Not a fan of RM...
Logging on of XP is a problem because of the massive profiles it downloads.
I was at RM the other week and was very impressed at the speed at which the
XP (CC3) machines logged in and asked about this.
If the same user logs onto the same machine, not having logged onto
another machine in the meantime, then it's fast. That's because the
most up-to-date profile is cached on the local machine. But that's not
how most schools work, as students are more likely to logon to a
different machine each time -- at least they do in my and probably
most other secondary schools.
Furthermore it's easy peasy to tweek an ultra fast login on a
workstation used in a demo environment, which I assume is what you
were shown. But in the real world...
(I think that this is an RM (read MS) bit of code -
because I was
unable to find reference to profile caching when I looked).
As far as I can ascertain RM adds a bit of proprietary code at the
very beginning of the XP boot sequence that takes over before anything
else can rum. This crudely accesses the CC3 server (hence CC3
workstations only work with a severely limited range of RM approved
network adapters) and then clunkily downloads any pending new RM
proprietary (kludged MS) security updates, virus signature updates,
plus other RM stuff.
Well in the process this completely negates the big advantage of
Microsoft's 'Fastboot' and 'Prefetch' technology. In essence this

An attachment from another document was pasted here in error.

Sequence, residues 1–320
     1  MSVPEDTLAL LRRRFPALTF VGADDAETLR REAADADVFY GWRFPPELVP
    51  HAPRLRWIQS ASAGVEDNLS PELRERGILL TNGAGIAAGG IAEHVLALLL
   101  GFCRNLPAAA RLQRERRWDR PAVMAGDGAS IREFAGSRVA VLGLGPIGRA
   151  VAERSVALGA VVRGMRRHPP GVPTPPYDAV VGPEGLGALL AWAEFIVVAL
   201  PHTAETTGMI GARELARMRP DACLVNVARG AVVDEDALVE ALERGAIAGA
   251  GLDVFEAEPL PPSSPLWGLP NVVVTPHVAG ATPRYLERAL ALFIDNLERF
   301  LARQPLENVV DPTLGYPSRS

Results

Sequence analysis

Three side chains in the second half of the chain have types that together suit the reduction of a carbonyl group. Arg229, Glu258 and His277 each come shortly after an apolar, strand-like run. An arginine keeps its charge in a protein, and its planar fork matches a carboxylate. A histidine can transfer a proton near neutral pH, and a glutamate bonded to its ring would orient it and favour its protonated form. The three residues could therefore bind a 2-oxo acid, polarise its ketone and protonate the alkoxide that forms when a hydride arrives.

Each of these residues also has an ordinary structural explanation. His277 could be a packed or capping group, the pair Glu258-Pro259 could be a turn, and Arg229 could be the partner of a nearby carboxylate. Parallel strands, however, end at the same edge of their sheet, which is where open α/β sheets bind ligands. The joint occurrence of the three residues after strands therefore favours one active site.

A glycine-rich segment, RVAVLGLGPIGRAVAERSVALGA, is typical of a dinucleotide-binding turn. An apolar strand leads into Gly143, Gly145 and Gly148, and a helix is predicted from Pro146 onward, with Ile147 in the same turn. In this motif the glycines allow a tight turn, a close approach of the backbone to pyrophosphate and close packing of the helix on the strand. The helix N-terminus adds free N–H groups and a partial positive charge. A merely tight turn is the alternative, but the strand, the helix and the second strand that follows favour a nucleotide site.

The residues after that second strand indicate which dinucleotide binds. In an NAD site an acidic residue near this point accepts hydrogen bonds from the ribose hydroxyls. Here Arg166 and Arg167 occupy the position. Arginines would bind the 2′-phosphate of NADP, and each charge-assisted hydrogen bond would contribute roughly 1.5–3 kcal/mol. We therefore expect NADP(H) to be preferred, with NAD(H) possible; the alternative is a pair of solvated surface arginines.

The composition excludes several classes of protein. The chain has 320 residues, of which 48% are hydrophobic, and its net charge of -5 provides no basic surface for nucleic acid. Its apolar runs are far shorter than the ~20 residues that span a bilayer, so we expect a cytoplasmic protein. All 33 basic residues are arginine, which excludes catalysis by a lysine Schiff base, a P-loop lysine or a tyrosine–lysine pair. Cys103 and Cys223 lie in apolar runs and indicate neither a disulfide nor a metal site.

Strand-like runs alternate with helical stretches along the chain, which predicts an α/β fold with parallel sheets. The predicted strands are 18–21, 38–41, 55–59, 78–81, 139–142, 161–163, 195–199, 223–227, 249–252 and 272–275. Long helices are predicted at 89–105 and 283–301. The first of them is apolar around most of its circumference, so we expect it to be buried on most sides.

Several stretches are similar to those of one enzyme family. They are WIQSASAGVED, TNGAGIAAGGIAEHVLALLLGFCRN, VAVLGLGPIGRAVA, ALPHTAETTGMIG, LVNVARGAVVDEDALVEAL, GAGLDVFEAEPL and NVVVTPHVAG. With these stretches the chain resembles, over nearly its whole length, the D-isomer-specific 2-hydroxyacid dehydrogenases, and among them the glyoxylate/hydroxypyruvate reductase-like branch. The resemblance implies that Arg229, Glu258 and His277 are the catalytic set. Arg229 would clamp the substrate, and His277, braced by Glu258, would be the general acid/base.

orange-peel patch turns vanilla Windows-XP into an RM proprietary
closed 'XP look-alike' operating system. Now here I get a strong sense
of dejavue, having struggled with 3Com's ill fated '3+Open'
proprietary version of MS's OS/2 based LanManager back in the 80s
...the NOS that nearly sunk my networking business!!!
But what they do is cache the profile locally and
then just check for changes. So downloading about 3MB instead of 30+MB (I've
seen profiles that report to be over a gig!) Depending upon the number w/s /
users this could work quite well. It also manages the cache itself, flushing
less used when high tide (1000? profiles) is hit.
Well yes CC3 used to flush out unused profiles. But then RM
announced a 'product recall' and requested all their CC3 customers
to downgrade back to an earlier non-flushing version. So far this
problem (among many others) has yet to be resolved.
Agreed, virtually all of CC3 is slightly better C2.x
or things that were
glaringly missing. The less well thought out bits will just never work.
As far as I am concerned CC3 is premised on the basis of some sharp
marketing hype. Namely "Let's fill potential users with FUD (fear
uncertainty and doubt) about the poor security of generic Windows-XP."
Then let's offer them an expensive kludged RM proprietary version of
Windows-XP that we claim will address all that imaginary security FUD
we've been spreading around.
However the improved security of the XP w/s (yes, I
know that you can do it
with LINUX, but we're talking CC3) makes the system so much more secure than
2.x, however the server-side is still woolly!
...but in the process RM has made CC3 almost completely unusable in a
typical secondary school environment.
Furthermore they are highly secretive about how their system actually
works. It took me ages to gain access to their password-protected
KnowledgeBase -- not that I learned much from this anyway. As far as I
can work out if you really need to find out more about the inner
workings of CC3, then you have to pay through the nose for their
expensive seminars or for access to one of their senior support